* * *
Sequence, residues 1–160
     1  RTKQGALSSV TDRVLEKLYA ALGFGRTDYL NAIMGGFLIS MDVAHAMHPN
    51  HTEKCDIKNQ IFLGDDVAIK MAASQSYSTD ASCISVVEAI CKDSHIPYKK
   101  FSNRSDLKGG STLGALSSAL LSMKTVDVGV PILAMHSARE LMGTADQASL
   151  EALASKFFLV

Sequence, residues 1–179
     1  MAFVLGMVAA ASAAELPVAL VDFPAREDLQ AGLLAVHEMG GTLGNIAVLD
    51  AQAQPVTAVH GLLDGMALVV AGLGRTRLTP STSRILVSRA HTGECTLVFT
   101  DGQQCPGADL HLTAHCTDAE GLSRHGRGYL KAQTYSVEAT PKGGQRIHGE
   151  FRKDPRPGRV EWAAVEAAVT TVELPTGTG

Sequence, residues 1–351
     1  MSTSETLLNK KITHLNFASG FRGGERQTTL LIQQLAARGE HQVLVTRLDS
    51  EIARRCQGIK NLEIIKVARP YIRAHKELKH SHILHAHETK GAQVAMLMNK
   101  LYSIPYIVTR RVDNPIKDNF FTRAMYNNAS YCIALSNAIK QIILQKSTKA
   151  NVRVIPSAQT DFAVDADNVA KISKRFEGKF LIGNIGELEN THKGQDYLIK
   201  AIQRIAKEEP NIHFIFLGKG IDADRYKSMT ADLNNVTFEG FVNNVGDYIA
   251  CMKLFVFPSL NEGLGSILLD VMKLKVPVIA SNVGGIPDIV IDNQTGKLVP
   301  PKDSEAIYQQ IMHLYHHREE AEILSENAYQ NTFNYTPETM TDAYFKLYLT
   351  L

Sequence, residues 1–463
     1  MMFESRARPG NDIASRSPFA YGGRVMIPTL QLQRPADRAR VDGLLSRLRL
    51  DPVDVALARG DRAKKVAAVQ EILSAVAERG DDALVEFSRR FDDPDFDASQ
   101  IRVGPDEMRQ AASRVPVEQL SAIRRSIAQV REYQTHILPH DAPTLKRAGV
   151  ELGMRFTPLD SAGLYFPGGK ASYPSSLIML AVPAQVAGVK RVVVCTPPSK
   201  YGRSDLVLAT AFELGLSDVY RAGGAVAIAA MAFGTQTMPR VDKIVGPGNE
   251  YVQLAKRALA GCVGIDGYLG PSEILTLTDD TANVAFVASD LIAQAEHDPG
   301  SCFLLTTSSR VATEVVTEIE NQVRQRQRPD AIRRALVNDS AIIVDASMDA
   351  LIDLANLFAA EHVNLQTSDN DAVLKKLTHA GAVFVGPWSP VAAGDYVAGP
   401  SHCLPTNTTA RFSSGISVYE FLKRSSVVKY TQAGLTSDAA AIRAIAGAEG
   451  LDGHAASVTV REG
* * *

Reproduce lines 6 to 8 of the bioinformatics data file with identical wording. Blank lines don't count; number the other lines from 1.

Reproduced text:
Sequence, residues 1–179
     1  MAFVLGMVAA ASAAELPVAL VDFPAREDLQ AGLLAVHEMG GTLGNIAVLD
    51  AQAQPVTAVH GLLDGMALVV AGLGRTRLTP STSRILVSRA HTGECTLVFT